Book Review: The Song of Mavin Manyshaped

I’ve been wanting to read a Sheri S. Tepper book for some time. Unfortunately, this wasn’t a great one for me to start with. It’s the first in a series of books I won’t be reading, but it’s part of the True Game series, consisting of a few trilogies and short stories. Although, I might give King’s Blood Four a go.

So, The Song of Mavin Manyshaped, like most high fantasy books I try to read, had far too many strange words and creatures and names to keep them all straight.

I got about halfway through before deciding that it was too confusing and too much work. I’ll stick with urban fantasy.

That said, what I did read and understand was superbly written. I love Tepper’s writing style, and I simply adore her social commentary on abused and exploited women, as well as the justified punishment Mavin dishes out to the disgusting rapists. Love. It.

This was my favorite passage, a perfect metaphor for rape:

When she had done, he whispered, “You know, the boys … they say … the ones like Leggy and Janjiver … they say the girls like it. That’s what they say. They say that the girls may say no, but they really like it.”

Mavin thought a time. “Mertyn child, you like sweet cakes, don’t you?”

He nodded, cocking his head at this change of subject.

“Let us suppose I put a basket of sweet cakes here, a big one, and I held your mouth open and I crumbled a cake into your mouth and pushed it down your throat with a piece of wood, the way the crones push corn down the goose’s neck to fatten it, so that your throat bled and you choked and gasped, but I went on pushing the crumbled cakes down your throat until they were gone. You could not chew them, or taste them. When I was done and your throat was full of blood and you half dead from it all, I would take the stick away and laugh at you and tell you I would be back on the morrow to do it all again. Then, suppose you came crying to someone and that someone said, ‘But Mertyn, you like sweet cakes, you really like sweet cakes…’

Since Tepper is known for her “ecofeminism” & my husband adores her work, I’ll likely try another at one point. One of the dystopian ones.

Basically, the problem with this book is not the book or the author, not by any means. It’s just a genre I don’t particularly enjoy except on very rare occasions.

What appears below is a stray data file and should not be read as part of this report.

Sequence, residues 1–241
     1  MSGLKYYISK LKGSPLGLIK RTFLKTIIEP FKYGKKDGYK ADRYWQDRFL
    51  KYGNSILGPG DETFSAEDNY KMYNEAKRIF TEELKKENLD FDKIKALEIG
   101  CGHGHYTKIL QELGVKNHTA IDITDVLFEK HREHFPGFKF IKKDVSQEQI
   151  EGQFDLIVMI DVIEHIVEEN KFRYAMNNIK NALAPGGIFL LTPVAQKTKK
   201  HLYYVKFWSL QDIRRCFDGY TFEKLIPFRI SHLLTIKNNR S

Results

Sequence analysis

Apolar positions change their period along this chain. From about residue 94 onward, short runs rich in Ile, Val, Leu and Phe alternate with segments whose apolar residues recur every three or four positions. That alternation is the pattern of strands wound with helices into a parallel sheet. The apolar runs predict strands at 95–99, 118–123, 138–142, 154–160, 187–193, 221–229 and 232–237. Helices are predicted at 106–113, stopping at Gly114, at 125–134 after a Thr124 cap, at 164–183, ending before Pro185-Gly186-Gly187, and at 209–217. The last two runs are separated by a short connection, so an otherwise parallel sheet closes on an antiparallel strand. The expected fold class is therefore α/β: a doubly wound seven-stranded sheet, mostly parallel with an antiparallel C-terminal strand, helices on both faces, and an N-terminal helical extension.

I give it three out of five bookworms because I couldn’t finish it, but I recognize the quality of the writing and my own issues with this genre. I have no doubt fans of high fantasy will devour this book.

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4 Comments Add yours

  1. The True Game series is phenomenal, but yeah, starting with The Song of Maven would make your head spin. You need to begin with King’s Blood Four. Even working up to Song, it’s not the most lucid chapter of her work. Peter’s series: King’s Blood, Necromancer Nine, and Wizard’s Eleven are much more coherent than the other two trilogies, which assume you are familiar with this complex world.

    Tepper is a fantastic but peculiar writer. Her style is what I think of as “loose” in that it’s not always completely obvious what is happening. She also creates extremely detailed worlds and societies, among the most complex and interesting of any author I’ve read (and that’s over 10,000 sci-fi/fantasy novels!), but she makes little effort to baby the reader into them, choosing a very embedded deep point of view. Sometimes, particularly in more recent decades, she gets ultra-feminist preachy. Still, really worth the investment. Try King’s Blood and see what you think.

    1. christinerose says:

      Thanks, Andy. Will do!

      My husband is a huge fan. She’s one of his top favorite authors.

  2. Atlant Schmidt says:

    “The Gate to Women’s Country” is always a good entré to Tepper.

    Most of her stand-alone novels are also fine*, but that’s the one she may be most famous for and it’s a great exemplar of her work.

    * “The Fresco”, “After Long Silence”, and “Six Moon Dance” are all quite approachable.

    1. Thanks for the recommendations.

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